The Curious Lore of Precious Stones Being a description of their sentiments and folk lore etc. etc.
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The Curious Lore of Precious Stones
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The Curious Lore of
BEING A DESCRIPTION OF THEIR SENTIMENTSAND FOLK LORE, SUPERSTITIONS,SYMBOLISM, MYSTICISM, USE IN MEDICINE,PROTECTION, PREVENTION, RELIGION, ANDDIVINATION. CRYSTAL GAZING, BIRTH-STONES,LUCKY STONES AND TALISMANS,ASTRAL, ZODIACAL, AND PLANETARY
GEORGE FREDERICK KUNZ
A.M., Ph.D., D.Sc.
WITH 86 ILLUSTRATIONS IN COLOR, DOUBLETONE AND LINE
PHILADELPHIA & LONDON
J. B. Lippincott Company
COPYRIGHT, 1913, BY J. B. LIPPINCOTT COMPANY
PRINTED IN UNITED STATES OF AMERICA
WITH HEARTFELT APPRECIATION OF THE NOBLE SPIRIT THAT CONCEIVEDAND FOUNDED THE MORGAN-TIFFANY COLLECTION OF GEMSAND THE MORGAN-BEMENT COLLECTIONS OF MINERALS AND METEORITESOF THE AMERICAN MUSEUM OF NATURAL HISTORY, AND THEMORGAN COLLECTION OF THE MUSÉE D’HISTOIRE NATURELLE OFPARIS, AND WHOSE KINDLY ADVICE AND ENCOURAGEMENT HAVEDONE SO MUCH FOR THE PRECIOUS STONE ART, THIS VOLUMEIS RESPECTFULLY DEDICATED TO THE MEMORY OF THE LATE
J. PIERPONT MORGAN
THE love of precious stones is deeply implanted inthe human heart, and the cause of this must besought not only in their coloring and brilliancy but alsoin their durability. All the fair colors of flowers andfoliage, and even the blue of the sky and the glory of thesunset clouds, only last for a short time, and are subjectto continual change, but the sheen and coloration ofprecious stones are the same to-day as they were thousandsof years ago and will be for thousands of yearsto come. In a world of change, this permanence has acharm of its own that was early appreciated.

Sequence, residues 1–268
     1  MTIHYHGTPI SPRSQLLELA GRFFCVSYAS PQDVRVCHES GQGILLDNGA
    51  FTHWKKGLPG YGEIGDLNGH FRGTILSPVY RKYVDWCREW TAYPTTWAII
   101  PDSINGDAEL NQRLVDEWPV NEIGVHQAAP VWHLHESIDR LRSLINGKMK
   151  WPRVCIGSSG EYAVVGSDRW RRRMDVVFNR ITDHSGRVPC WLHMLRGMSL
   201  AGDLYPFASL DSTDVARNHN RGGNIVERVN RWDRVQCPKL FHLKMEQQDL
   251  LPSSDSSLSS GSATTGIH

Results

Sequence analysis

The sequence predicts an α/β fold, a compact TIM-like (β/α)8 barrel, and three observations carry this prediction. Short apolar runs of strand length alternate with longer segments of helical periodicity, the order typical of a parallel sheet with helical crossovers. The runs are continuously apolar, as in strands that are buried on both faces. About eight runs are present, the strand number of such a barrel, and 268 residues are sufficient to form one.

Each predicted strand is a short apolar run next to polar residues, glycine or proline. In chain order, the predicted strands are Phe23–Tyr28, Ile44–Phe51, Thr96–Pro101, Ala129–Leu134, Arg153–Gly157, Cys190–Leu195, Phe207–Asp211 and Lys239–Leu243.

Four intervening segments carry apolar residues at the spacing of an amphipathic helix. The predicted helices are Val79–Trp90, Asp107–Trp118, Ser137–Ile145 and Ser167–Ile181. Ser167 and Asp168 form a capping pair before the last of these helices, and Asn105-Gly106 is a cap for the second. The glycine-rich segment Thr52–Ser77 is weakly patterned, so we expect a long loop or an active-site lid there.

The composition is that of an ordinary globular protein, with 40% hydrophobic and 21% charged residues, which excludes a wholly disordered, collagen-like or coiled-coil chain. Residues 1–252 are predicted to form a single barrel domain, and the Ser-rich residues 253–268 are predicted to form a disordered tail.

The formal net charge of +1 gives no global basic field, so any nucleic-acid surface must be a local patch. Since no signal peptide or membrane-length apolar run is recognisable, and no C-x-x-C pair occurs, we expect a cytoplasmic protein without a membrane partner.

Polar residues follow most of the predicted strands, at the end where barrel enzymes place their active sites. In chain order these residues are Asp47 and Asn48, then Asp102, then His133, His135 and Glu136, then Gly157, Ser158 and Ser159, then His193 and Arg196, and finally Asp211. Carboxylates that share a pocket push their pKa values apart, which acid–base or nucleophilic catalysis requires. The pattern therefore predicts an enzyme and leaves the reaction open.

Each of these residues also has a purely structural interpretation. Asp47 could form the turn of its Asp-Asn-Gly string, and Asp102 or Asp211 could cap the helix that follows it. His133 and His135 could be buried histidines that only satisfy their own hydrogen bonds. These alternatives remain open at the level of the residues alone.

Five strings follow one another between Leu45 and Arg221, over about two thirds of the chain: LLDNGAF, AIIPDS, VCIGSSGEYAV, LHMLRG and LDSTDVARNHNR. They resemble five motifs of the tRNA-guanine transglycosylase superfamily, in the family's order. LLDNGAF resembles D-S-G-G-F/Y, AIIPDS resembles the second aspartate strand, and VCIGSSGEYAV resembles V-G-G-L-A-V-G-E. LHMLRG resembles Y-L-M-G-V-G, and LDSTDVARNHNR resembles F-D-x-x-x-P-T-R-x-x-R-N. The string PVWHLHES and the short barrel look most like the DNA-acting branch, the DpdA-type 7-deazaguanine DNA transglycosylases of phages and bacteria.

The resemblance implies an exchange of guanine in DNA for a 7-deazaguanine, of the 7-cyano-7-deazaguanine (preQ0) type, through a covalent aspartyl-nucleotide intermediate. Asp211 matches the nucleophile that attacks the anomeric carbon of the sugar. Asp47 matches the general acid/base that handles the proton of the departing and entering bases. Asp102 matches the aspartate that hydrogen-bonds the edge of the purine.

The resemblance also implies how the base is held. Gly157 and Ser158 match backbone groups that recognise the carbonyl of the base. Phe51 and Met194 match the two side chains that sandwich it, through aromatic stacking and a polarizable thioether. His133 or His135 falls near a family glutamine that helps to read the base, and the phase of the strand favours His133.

The object of this book is to indicate and illustratethe various ways in which precious stones have beenused at different times and among different peoples, andmore especially to explain some of the curious ideas andfancies that have gathered around them. Many of theseideas may seem strange enough to us now, and yet whenwe analyze them we find that they have their roots eitherin some intrinsic quality of the stones or else in an instinctiveappreciation of their symbolical significance.Through manifold transformations this symbolism haspersisted to the present day.
The same thing may be said in regard to the varioussuperstitions connected with gems. Our scientific knowledgeof cause and effect may prevent us from acceptingany of the fanciful notions of the physicians and astrologersof the olden time; nevertheless, the possessionof a necklace or a ring adorned with brilliant diamonds,fair pearls, warm, glowing rubies, or celestial-huedsapphires will to-day make a woman’s heart beat fasterviand bring a blush of pleasure to her cheek. Life willseem better worth living to her; and, indeed, this is nodelusion, for life is what our thought makes it, and joyis born of gratified desire. Hence nothing that contributesto increasing the sum of innocent pleasuresshould be disdained; and surely no pleasure can be moreinnocent and justifiable than that inspired by the possessionof beautiful natural objects.
The author, who possesses what is believed to be themost comprehensive private library on this subject, hasobtained many references from material which he hasbeen gathering during the past twenty-five years. Manyof the types exist in the collection of folk-lore preciousstones exhibited at the World’s Columbian Exposition in1893, and now in the Field Museum of Natural Historyin Chicago. Other types are drawn from the Morgan Collectionexhibited at the Paris Expositions of 1889 and1900, which, with additions, is now in Morgan Hall, in theAmerican Museum of Natural History, New York City.
Other prominent references are the collection of preciousstones in the California Midwinter MemorialMuseum, in Golden Gate Park, San Francisco; theTiffany collection of precious stones, exhibited at theAtlanta Exposition of 1894, now in the National Museumin Washington; the collection exhibited at the Pan-AmericanExposition, and presented to the Muséed’Histoire Naturelle, in Paris, by the late J. PierpontMorgan; the collection exhibited at the exposition heldin Portland, Oregon, in 1905; and the collection of gemsand precious stones exhibited at the Jamestown Exposition,1907. All of these collections, either entirelyor very largely, have been formed by the author.